ant in history at Johns Hopkins from
1922 to 1923, becoming professor of
history and political science at
Hampden-Sydney in 1923. In 1925
he went to the University of Mississ-
ippi as head of the history depart-
ment where he stayed until 1936,
when he went in his present capacity
to Duke.
Recognized as the outstanding au-
thority today on southern history,
Professor Sydnor has written much
on the subject He published in 1930,
with Claude Begnett, a volume en-
titled "Mississippi History" and in
1933 wrote one of the best known
works on slavery, "Slavery in Mississ-
ippi." In 1938 he published "A Gentle-
man of the Old Natchez Region: Ben-
jamin L. C. Wailes." He is a mem-
ber of the board of editors of the

Journal of Southern History and is
a contributor to the Dictionary of
American Biography and historical
periodicals.
Professor Sydnor is a member of
the American Historical Association,
the Mississippi Valley Historical As-
sociation, president of the Southern
Historical Association, member :of
the North Carolina Literary and His-
torical Association, the American As-
sociation of University Professors an
Phi Beta Kappa.
Dr. Malone will speak again to-

morrow in conjunction with the Pro-
gram's five week series of lectures
and round table discussions. Also on
tomorrow's program will be Prof. Ed-
ward E. Dale of the University of
Oklahoma's history department.
Lecturing on "Tides in Sectional
Achievement," Dr. Malone will speak
at 4:15 p.m. Professor Dale will talk
on "The Conflict and Fusion of Cul-
tural Groups in the Interior Plains"
at 8:15 p.m Both lectures will be
held in the Rackham School Audi-
torium.

(Continued from Page 1)
tional classifications and merely eru-1
dlite prestige values if the study of
American literary history is to aid
us in achieving and maintaining a
real culture at a period when the
European world seems to be dissolv-
ing like the fragments of a dream."
At first glance American literature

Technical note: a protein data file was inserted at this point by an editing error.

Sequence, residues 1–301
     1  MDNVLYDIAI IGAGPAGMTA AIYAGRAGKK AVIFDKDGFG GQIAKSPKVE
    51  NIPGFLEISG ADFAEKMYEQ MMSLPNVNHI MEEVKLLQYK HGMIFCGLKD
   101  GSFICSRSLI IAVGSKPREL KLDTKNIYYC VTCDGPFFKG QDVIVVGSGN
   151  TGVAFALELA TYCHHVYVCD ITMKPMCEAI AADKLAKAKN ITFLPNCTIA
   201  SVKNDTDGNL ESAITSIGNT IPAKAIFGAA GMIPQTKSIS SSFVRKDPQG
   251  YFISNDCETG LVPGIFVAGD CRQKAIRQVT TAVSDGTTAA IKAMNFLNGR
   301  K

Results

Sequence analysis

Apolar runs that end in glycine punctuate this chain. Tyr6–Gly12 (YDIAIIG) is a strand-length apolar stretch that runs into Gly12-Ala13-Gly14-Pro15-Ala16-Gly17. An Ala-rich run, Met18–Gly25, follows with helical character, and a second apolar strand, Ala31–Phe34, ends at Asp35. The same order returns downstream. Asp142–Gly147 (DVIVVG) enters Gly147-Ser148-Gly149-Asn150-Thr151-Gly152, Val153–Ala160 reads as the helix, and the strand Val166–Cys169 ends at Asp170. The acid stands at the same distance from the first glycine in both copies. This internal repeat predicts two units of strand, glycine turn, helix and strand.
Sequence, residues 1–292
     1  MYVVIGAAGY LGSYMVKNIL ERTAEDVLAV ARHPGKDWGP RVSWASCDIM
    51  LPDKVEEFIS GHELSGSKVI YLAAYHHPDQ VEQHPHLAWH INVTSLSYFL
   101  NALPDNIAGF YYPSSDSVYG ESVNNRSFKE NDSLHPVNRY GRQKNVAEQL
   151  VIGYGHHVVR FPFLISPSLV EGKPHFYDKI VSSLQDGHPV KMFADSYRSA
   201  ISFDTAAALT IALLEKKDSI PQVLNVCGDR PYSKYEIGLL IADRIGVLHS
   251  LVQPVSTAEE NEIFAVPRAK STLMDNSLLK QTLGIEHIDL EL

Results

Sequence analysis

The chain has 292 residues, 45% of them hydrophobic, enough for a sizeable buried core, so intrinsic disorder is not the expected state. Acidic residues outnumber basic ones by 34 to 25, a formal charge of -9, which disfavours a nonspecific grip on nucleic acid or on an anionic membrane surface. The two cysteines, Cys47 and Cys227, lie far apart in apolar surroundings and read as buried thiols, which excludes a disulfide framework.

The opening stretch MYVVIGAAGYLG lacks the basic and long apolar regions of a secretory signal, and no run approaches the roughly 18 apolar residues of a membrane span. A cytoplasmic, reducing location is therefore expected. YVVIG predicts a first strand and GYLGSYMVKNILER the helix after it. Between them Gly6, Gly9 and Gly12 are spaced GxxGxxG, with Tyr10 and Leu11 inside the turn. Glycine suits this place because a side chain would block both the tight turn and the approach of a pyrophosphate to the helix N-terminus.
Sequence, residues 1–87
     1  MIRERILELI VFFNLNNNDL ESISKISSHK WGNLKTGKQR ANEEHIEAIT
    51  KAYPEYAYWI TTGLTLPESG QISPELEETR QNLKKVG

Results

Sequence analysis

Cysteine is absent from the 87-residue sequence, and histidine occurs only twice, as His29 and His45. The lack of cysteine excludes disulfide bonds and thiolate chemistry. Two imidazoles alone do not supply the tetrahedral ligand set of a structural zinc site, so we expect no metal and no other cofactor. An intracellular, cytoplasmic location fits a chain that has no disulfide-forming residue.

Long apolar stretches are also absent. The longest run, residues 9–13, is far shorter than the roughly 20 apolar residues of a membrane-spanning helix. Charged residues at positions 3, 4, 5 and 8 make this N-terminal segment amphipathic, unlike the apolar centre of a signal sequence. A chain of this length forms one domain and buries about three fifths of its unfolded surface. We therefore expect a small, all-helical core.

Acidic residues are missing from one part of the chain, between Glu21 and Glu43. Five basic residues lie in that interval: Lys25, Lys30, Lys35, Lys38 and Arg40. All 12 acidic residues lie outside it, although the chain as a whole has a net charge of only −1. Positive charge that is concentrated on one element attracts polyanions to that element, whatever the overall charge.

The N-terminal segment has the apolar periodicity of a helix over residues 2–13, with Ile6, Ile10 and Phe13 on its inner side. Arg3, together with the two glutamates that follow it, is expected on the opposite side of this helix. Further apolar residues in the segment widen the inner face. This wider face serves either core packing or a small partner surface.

seems to offer a simple exercise in
intellectual history, but this appear-
ance is wholly specious, Professor
Jones claimed. It involves no devel-
opment in language, it is continuous,
its general frame of reference is the
history of English literature, its doc-
uments are easily available and, what
is nore, Professor Jones said, the
first two centuries are confined to
colonial and provincial literature,
while only for a century and a half
have we had a national letters.
It is there, however, that the error
lies, he pointed outThereasoning
that to be a colonial is to be paro-
chial and to be parochial is to be
simple, and therefore American lit-
erature of the colonial period is with-
out real pertinence to the cultural

history of a vast industrial nation,
he deemed erroneous.
Though colonial life may have been
,simple, colonial literature was not
therefore simple, Professor Jones
tlaimed. The colonial settler had to
begin all over again, he stated, but
the colonial writer did not; the set-
tled ways of an English style did not
have to be abandoned on the fron-
tier. Far from being simplified, he
brought out, colonial literature pre-
sents the inquirer with a complex
problem of points of reference.
Professor Jones referred to the
problem of American letters as. a
whole as one of confusion, having no
agreement or principle of intellectual
order and many attempts at analysis
with conflicting premises, naive
methodology, cloudy aims and more
bias than scholarship.
New - Inexpensive
FLORESCENT
DESK LAMPS
for demonstration call
Charles Forbes . . . Phone 35 06-

N.Y.A. Aids Michigan Students
By Providing Part-Time Work

LANSING, June 19.-More than
24,675 of Michigan's high school and
college graduates and those leaving
school for the summer were enabled
to continue their education through
part-time work provided by the Na-
tional Youth Administration.
In Washtenaw County 174 youths
were employed on a part-time basis
in 11 schools during the past school
year for which a maximum of $6
per month was paid in wages by the
NYA for work assigned by school offi-
cials School authorities in 803
schools who supervised the selection
and assignment of 17,698 needy high
school students during the past school
year found all sorts of useful jobs
to be done which, if possible, Were
correlated with the type of study in
which the youth was specializing in
order to give practical work experi-
ence in this field. As an example,
youth taking commercial courses as-
sisted in the school office doing typ-
ing, mimeographing and general
clerical work; some did landscaping
and repair work. Other youth assist-
ed in chemistry laboratories or in
the school libraries. In no case were
regular maintenance personnel dis-
placed.
In 43 Michigan colleges, 6,980 needy
students did similar types of work
with perhaps more specialization be-
cause of the advanced character of

the instruction and facilities.
Evidence of the earnestness with
which these NYA youth are pursuing
their education are reports from prac-
tically every college in the state that
NYA students show superior scholar-
ship records to the average prevail-
ing in the institution.
There are 50 per cent more ap-
plications for NYA part-time :work
than can be assigned to the program
because of the limited funds avail-
able.